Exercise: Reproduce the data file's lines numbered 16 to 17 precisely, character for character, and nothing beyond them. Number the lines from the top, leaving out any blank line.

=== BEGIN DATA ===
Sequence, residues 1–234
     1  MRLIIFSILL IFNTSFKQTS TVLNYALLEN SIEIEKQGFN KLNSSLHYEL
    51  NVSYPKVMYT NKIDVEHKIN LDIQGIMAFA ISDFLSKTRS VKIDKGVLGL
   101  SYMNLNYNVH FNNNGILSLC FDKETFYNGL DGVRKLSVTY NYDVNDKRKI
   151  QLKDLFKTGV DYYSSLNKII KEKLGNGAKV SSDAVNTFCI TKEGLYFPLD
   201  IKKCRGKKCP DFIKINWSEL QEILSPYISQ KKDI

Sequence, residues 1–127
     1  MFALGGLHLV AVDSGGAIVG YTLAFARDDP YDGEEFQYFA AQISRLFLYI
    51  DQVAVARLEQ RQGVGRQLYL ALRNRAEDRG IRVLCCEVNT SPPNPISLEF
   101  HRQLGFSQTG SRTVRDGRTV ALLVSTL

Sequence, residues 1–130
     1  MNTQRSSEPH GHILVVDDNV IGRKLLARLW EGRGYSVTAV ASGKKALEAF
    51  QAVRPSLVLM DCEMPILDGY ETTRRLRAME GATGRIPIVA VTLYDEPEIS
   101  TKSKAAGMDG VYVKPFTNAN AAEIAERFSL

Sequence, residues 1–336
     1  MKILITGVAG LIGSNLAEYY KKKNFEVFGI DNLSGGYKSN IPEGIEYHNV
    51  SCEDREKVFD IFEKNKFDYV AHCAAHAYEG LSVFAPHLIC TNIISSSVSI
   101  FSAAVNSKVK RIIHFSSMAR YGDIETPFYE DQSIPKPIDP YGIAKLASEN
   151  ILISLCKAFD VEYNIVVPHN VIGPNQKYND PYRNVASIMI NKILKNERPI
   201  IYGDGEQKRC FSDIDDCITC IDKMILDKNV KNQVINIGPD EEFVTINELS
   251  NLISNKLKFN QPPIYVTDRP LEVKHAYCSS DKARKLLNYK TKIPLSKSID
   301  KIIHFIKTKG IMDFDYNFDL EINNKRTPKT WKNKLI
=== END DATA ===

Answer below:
     1  MKILITGVAG LIGSNLAEYY KKKNFEVFGI DNLSGGYKSN IPEGIEYHNV
    51  SCEDREKVFD IFEKNKFDYV AHCAAHAYEG LSVFAPHLIC TNIISSSVSI